What is Combat Simulations?

Combat Simulations International (or ‘Combat Sims’ or ‘milsims’) is a small, tight-knit community with very specific interests. We are dedicated to a form of IR (‘Laser’) Skirmish that aims to replicate a realistic (simulated) combat experience.

This website (and the attached forums) have been established to promote our sport, and to provide those that play with a resource for everything from mission scenarios, to tips on DIY tagger construction.
Who plays Combat Sims?

I guess you could call us ‘Military Enthusiasts’. We are an 18+ outfit, with players from all walks of life. We have office workers, technicians, machinists, labourers, and cooks amongst our playerbase. We also host a number of current, and ex-ADF members.

Though we all differ in our background and experience, we all share a strong sense of teamwork, an enthusiasm for all things military, the willingness to get our hands dirty, and a desire to have fun.

Why is Combat Sims restricted to 18+?

The short answer is Maturity.

Many of our games contain harsh language, adult themes (violence) and references to drugs or other “adult-y themes”.  Those aspects in interactive media generally bring with them an R18+ rating, so there are legal reasons for the age restrictions, too.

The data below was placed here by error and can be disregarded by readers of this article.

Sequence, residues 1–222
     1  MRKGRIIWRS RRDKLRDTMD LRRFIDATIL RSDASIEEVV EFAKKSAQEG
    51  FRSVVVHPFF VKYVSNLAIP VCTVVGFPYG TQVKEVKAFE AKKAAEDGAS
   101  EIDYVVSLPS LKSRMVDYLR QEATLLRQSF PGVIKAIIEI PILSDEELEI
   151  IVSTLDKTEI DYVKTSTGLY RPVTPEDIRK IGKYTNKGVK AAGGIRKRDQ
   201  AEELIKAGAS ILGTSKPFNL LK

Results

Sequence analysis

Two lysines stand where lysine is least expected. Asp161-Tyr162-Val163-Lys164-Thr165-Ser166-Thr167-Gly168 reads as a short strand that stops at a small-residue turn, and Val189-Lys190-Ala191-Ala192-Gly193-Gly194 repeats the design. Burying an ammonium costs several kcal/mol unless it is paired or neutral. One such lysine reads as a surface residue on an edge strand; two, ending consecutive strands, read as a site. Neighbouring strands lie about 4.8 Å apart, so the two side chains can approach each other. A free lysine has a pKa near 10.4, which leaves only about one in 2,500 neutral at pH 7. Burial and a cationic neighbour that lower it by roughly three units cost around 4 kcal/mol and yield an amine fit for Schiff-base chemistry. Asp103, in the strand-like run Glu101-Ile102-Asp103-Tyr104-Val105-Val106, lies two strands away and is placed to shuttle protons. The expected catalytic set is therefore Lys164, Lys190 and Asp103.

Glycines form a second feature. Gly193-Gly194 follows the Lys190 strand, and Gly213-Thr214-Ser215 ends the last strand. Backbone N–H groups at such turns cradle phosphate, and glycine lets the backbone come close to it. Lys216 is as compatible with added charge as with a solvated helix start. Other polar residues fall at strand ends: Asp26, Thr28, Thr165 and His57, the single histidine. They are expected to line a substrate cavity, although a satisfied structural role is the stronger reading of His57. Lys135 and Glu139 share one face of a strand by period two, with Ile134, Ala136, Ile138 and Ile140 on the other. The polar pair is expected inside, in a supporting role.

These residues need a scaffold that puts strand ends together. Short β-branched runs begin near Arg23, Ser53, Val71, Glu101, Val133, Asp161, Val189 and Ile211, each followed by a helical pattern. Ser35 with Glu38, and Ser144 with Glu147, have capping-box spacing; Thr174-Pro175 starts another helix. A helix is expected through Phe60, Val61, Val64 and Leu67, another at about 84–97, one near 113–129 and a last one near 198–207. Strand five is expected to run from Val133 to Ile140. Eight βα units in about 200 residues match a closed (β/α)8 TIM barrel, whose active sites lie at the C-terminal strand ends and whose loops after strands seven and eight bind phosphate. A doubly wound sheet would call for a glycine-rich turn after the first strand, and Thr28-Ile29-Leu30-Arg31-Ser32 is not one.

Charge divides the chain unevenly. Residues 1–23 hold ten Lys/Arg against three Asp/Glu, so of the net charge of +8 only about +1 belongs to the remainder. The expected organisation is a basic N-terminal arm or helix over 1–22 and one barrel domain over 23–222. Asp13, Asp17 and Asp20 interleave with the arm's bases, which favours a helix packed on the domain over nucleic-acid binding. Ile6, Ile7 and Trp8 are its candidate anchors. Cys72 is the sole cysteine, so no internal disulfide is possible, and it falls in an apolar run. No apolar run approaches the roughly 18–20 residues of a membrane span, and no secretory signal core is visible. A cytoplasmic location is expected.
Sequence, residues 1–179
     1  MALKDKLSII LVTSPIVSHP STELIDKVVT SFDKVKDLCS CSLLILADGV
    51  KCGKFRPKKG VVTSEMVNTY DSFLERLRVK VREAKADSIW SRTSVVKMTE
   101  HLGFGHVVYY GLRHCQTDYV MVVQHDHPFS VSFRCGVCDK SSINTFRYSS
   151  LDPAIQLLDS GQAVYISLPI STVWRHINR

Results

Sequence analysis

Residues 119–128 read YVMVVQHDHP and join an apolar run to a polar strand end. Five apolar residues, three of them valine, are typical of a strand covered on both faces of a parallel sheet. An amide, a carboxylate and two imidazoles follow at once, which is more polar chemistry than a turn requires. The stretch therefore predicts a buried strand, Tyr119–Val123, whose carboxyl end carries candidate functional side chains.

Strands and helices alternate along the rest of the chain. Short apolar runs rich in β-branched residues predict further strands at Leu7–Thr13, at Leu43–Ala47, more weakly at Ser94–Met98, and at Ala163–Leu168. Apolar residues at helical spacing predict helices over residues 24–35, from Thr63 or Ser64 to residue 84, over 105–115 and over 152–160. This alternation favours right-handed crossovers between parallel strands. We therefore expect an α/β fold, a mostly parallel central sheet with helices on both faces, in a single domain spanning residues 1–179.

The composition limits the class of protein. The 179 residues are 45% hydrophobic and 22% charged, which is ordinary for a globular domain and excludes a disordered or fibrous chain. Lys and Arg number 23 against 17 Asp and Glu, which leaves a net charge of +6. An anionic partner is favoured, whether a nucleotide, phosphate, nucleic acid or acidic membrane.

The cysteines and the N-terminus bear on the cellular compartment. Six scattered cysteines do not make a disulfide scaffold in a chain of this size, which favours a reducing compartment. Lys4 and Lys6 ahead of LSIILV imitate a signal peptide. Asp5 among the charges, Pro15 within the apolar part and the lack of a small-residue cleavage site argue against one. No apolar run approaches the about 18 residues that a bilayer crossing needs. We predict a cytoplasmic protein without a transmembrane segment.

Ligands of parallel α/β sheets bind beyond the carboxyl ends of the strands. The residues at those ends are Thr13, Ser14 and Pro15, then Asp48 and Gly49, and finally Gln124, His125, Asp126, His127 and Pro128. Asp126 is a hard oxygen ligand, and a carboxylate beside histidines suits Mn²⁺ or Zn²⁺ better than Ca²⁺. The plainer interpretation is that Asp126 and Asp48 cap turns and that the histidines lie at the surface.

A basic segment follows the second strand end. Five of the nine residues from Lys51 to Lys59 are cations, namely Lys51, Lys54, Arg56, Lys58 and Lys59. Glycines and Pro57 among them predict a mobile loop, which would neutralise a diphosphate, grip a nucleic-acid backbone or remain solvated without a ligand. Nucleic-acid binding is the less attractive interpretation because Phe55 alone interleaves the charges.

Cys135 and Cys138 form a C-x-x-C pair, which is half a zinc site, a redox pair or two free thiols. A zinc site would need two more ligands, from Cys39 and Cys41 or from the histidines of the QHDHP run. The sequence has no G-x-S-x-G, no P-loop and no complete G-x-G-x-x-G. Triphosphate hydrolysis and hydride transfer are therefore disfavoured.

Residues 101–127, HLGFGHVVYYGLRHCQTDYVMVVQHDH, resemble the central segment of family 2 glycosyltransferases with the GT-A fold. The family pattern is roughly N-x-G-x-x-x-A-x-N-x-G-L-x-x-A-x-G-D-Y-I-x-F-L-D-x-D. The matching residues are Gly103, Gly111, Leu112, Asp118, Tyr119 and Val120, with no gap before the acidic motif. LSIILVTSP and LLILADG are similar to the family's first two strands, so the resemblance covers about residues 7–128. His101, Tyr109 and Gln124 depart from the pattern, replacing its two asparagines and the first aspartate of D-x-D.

In the many years that Combat Sims has been running, we’ve found that a high degree of maturity is needed during a deployment, and that (generally speaking) those under the age of 18 don’t have the maturity to deal with what we do.

We expect all of our players to be able to care for themselves, and those around them, while in the field. For that reason, we’ve limited the age to 18 years and older.

What’s with all the gear you’re wearing?

Our deployments run from 3 to 6 hours with no breaks, with some events lasting as long as 3 days (our annual national event.) As a result, players are required to carry enough food and water with them to last out that period. In order to do this efficiently, many players have adopted the military-style webbing and harnesses you see us wearing. Not only does it provide a good means for carrying our food and water, but it also provides a visual (and psychological) degree of realism to all players involved.

Also, with the introduction of Frag Tag V3, and the ability to add physical magazines to custom taggers,  the vests and chest rigging enables players to carry their spare magazines.

I’ve played IR Skirmish before, how is Combat Sims different?

We operate in sections during our deployments, and frown on ‘lone wolf’, Rambo types of play. Also, we are provided with varying (and numerous) missions in our briefings, and Rules of Engagement (ROE) within which we must achieve these objectives. You can check out an example of an AAR (After-Action Review, or debrief) on the main page for an idea of what we get up to.

Our sessions aren’t about Scores, KDR’s (Kill to Death Ratio), or any other form of point system. We play objective-based scenarios to simulate the rigors and experience of real-world light infantry combat.